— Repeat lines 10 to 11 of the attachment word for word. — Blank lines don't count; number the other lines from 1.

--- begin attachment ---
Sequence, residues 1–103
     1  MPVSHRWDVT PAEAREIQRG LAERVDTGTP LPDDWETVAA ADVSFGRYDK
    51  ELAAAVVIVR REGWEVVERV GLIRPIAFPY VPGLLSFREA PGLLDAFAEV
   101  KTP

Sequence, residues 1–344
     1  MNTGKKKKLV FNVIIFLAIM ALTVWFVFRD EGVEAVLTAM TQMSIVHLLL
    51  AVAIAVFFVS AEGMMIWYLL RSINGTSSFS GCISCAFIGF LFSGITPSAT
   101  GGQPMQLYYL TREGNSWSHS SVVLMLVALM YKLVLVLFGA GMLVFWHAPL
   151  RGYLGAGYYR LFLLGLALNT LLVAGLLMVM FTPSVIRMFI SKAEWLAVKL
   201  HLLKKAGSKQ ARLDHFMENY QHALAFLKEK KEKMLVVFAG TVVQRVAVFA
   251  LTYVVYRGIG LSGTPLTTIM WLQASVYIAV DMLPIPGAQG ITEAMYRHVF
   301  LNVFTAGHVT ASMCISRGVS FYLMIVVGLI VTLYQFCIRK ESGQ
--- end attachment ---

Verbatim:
   201  HLLKKAGSKQ ARLDHFMENY QHALAFLKEK KEKMLVVFAG TVVQRVAVFA
   251  LTYVVYRGIG LSGTPLTTIM WLQASVYIAV DMLPIPGAQG ITEAMYRHVF